Socially conscious rap that retains its power...

Mos Def’s iconic ‘Black On Both Sides’ turns 20 this week and the prevalent influence it had on hip-hop and rap at the time carved a timeless emblem in redefining all that this genre could achieve.

It exudes a continuous relevance in its iconic role within social activism and on-going dialogues within America. Throughout the album he addresses serious socio-political issues while remaining positive and affirmative. It forages a new way for listeners to engage, listen and absorb new narrative and pivotal meaning; he was meant to be rhyming, and we were meant to be listening.

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‘Umi Says’ oscillates between a jazzy interlude of ease and lackadaisical rhythmic bounce with a layered juxtaposition to the philosophical un-layering of Def’s countered identity ode married within his lyrics:

“My Umi said shine your light on the world
Shine your light for the world to see
My Abi said shine your light on the world
Shine your light for the world to see
(I want black people to be free, to be free, to be free)”

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There is a subtle homage to spoken word and a lineage of speaking truth in his tonality in his tracks. It cultivates visibility, authority and meaning, we can find nuances of heritage being explored within this aura of storytelling/narrative even back to the origin of the blues in the 19th century.

How do we remember? How do we cultivate our stories? How do we carry the inherited histories and hold it with pride? Listening to Def’s album in 2019 brings to mind our current socio-political status and how his lyricism breaches time/space in an interlude of power and truth. Contemporary front runners that have had as significant cultural influence as Mos Def that echo and reign true to a dialogue and battle that expands lifetimes across our country bleed the same words and create a musical dimension that oscillates between hope, pain power, soul and truth.

Take Kendrick Lamar’s ‘To Pimp A Butterfly’. Each track cultivates a different message, with ‘Mortal Man’ in particular offering a poetic pause of questioning and vulnerability that persists us to a point of quaking to the free-flowing tone of Lamar’s voice and the pain and how far it stretches beyond him when we speaks his words.

Or look at Childish Gambino’s potent masterwork ‘This Is America’. In conjunction with a poignantly powerful music video it brought a provocative and saturated look at the inherited realties with mass shootings in the United States, and the long-standing issues of discrimination against African-Americans. Rightfully, it dominated that year’s Grammy awards.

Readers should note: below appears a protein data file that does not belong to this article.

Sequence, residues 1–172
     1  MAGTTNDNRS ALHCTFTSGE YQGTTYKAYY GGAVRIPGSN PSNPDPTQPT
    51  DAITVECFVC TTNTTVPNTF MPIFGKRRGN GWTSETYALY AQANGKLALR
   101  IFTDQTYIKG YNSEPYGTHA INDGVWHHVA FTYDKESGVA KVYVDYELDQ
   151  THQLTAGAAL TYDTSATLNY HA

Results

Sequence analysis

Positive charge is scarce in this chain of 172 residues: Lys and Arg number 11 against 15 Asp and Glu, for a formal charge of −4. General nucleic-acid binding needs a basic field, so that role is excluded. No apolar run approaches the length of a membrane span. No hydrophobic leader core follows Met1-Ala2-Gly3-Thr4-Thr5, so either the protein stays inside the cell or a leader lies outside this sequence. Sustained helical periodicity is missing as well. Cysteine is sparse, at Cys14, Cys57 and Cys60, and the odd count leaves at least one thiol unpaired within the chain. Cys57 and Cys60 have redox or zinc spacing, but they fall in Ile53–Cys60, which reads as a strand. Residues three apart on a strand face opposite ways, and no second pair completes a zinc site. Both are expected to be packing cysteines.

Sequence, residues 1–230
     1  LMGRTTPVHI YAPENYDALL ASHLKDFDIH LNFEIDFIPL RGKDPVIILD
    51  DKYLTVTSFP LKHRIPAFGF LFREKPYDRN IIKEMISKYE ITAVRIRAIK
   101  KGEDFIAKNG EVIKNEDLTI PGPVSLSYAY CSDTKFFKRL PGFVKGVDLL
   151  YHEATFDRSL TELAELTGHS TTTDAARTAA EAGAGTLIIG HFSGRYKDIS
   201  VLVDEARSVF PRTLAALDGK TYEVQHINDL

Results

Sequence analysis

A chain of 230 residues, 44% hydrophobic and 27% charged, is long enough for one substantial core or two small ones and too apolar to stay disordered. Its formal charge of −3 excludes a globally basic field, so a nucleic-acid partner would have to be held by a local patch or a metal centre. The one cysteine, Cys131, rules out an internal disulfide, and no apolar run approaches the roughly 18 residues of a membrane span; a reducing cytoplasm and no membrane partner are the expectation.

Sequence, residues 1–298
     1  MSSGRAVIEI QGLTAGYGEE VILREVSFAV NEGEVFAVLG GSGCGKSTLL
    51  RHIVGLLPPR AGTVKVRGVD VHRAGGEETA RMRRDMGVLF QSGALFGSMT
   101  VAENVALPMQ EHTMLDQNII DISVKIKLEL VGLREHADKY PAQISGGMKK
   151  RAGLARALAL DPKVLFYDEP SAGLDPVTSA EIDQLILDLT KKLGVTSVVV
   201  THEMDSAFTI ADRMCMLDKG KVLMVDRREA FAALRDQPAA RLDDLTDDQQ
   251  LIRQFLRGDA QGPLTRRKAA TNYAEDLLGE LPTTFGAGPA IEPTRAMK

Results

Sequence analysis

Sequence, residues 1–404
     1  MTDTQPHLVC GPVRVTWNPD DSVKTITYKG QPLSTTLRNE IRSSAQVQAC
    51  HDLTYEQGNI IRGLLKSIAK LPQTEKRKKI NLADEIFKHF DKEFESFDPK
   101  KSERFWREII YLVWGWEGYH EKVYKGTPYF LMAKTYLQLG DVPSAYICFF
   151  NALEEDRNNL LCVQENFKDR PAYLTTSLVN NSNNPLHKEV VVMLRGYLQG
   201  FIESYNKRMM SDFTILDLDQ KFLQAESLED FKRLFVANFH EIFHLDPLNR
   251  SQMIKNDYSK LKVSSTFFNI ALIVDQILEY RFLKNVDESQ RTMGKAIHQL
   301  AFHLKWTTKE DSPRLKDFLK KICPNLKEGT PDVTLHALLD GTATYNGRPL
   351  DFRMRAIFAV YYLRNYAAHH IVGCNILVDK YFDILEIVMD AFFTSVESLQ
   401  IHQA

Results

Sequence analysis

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All these musical odes are a part of a cultural mosaic of visibility, of awareness, of critique that interplays into an entire process of cultural awakening. For example films like Fruitvale Station, Sorry To Bother You and Blindspotting, all of which were released between the years of 2013-2018 offered a layered and potent expression of the tragic realities of life within Oakland, Ca for African Americans.

I went to college in Oakland and had a wave of cultural awareness from my immersion. Oscar Grant’s name was spray painted on walls in West Oakland, I rode bart to Fruitvale station and considered my privilege.

These places still bleed true and it is from these cultural works there is continuity and context on a greater plane that allows for visibility, engagement and awareness. In the current state of oppression and of rising, fighting and healing, Mos Def’s album and those that have followed are the compasses of truth our society can turn to.

Offering nuanced ways of coping with the harsh realities of America across the past two decades, progress has been made, but the narratives persist and we are reminded of the work ahead and what ingrained cultural tectonics shape us and echoed craving for change. These albums offer solace and a seismic reminder of the authority of each of our individual voices.

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Words: Rae Niwa

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